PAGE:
With or without doing all the stuff you guys don’t want me to? :stuck_out_tongue:

The question doesn’t have a real answer for me. Between a lack of C/engine/game documentation and a lack of events, there isn’t much. It’s mostly just annoying to patch the stuff properly (looking at you once again, world_generation) to create something nice.

I have been playing with the idea of doing full overrides of those pesky files to provide an experimental API - for example, one that would would give complete access to tree/vegetation placement, perhaps even the world generation itself. Something dead simple that can’t really be done without re-writing/re-copying a large portion of the code - or just the file itself (recent rp_developers_dreams became annoying enough…). For the world generator, this means that I would completely replace the original generator and move the current data to a json (I’ve got a first draft of that format already) - mods could then just mixin RP’s json file to add their stuff. And of course, events to modify it in lua.

Now that I think about it, there are a few things.

Event ordering: Speaking of patching json on the fly, I think it’s important that this would happen in some sort of ordered fashion. I’ve been experiencing issues in GMod where another addon was doing nonsense but got loaded before mine - rendering mine completely unusable. The only way to fix that was to remove their hook and re-insert it, or even re-insert it wrapped to make sure they didn’t interfere.
So, to be able to sort those would be neat. I don’t think that numbers would be enough though, something that would be more fine-tuned (as in, “execute my commands after mod X if present” and then some number system?) would be nice. Some meta-points (“first”, “last”) could probably help too, but then again there’s always math.huge I guess…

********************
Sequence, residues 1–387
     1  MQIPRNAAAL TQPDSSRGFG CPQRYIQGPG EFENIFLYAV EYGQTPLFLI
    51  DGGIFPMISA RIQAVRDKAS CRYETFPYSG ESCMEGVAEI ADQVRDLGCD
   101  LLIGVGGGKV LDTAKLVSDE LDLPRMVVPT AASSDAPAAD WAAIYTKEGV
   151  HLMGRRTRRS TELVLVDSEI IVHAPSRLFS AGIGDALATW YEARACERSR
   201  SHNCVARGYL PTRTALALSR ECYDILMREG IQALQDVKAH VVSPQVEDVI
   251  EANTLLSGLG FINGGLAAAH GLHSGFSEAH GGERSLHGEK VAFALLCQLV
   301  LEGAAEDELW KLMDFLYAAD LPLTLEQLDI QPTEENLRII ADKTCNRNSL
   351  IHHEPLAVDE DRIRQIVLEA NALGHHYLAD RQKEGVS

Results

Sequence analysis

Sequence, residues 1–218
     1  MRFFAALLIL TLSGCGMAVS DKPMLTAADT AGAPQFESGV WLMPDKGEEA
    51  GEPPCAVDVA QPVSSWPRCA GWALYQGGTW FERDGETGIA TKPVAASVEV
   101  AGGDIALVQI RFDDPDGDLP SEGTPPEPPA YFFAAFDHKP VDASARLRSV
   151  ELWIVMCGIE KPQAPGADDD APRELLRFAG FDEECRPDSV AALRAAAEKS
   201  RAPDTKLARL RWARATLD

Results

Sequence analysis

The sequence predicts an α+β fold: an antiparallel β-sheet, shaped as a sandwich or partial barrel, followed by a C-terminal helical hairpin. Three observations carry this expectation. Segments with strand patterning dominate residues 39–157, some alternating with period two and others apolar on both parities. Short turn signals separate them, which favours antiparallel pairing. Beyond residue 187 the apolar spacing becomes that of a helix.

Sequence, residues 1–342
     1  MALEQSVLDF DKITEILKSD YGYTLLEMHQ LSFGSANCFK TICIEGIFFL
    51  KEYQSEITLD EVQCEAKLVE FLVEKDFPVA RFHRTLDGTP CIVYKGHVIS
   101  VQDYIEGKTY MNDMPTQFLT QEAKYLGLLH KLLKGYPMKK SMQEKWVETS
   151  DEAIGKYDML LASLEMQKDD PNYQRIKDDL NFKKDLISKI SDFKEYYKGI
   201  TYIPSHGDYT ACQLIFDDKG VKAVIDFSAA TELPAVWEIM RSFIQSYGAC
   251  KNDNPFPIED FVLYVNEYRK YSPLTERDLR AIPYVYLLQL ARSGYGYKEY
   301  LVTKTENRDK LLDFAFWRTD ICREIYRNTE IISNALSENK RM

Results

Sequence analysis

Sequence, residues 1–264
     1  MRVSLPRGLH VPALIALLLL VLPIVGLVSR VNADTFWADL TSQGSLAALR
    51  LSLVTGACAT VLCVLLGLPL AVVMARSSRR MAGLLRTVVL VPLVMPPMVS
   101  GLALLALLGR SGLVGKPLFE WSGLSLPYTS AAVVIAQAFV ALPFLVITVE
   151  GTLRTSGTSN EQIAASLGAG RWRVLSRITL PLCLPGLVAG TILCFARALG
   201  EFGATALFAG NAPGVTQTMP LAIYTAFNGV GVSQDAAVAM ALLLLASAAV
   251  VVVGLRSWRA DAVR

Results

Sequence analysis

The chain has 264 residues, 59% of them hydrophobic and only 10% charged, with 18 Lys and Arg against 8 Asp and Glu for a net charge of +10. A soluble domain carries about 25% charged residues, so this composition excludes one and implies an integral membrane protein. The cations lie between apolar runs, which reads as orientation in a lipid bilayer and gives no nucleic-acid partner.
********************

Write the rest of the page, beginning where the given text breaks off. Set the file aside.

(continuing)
Component operations: Components can be added. It should be possible to remove them, too. Same goes for buffs.

lua/JS interoperation: I don’t know how well that’s implemented and it’s been a while since I’ve tried to do stuff with it. The basic idea would be to call JS stuff from lua, similar to call handlers.

Proper input on/off: Although I’ve coded something like that into RP, something more official that disables input capturers would be nice. I’m thinking of situations where all input must be dead - cutscenes, focus on <input> fields and similar. In both JS and lua. Maybe cutting off input isn’t as good of an idea as promoting some sort of “should I ignore keyboard input?” - that way we can still have rp_guitar_steve. Not sure.

Start menu: Completely aware that you know it. Just teasing that I’ve had it since three weeks! Haha! Mine!

Recipe modification: Name’s program. Enabling and disabling, removing and adding recipes. Offers possibilities for research, discovery, level/skill based systems and more.

  1. How can we modify the framework to make it so you can do it (e.g. do we need to trigger more stuff? are certain things (like world_generation) missing parts (like a .json input file) which you’d like to mod?) Without monkey patching, re-implementing, or wrapping parts of the system?

Well shoot, that’s a pretty complete list of crimes I’ve committed…

On top of my head the list would be:

  • World generation stuff (WorldGenerationService, Landscaper, Terrain* - but I assume since the glacier thing is pretty high on your list, this will come soonish in a completely different version?). As mentioned above, a json that defines vegetation would be sweet. Bonus points for a more complete documentation on how maps are generated and how we can generate our own tiles. But again, the whole biome stuff is likely to change a lot soon-ish (?) so I think that’s not that important.
  • Factions. Factions. They don’t make any sense right now to me - you give them a name ( “civ”) and at the same time every time you want to access the faction, you also have to pass the json file that describes it. Wouldn’t the alias be identifier enough?
  • Some initialiser would be nice - i.e. defining a file that is loaded to replace/patch that function. It’s a dilemma: For total conversions, patching makes probably more sense (Egypt or Asia likely behaves completely different than our little Northies) but for single mods (rp_lucky_worker as stupid example) make more sense.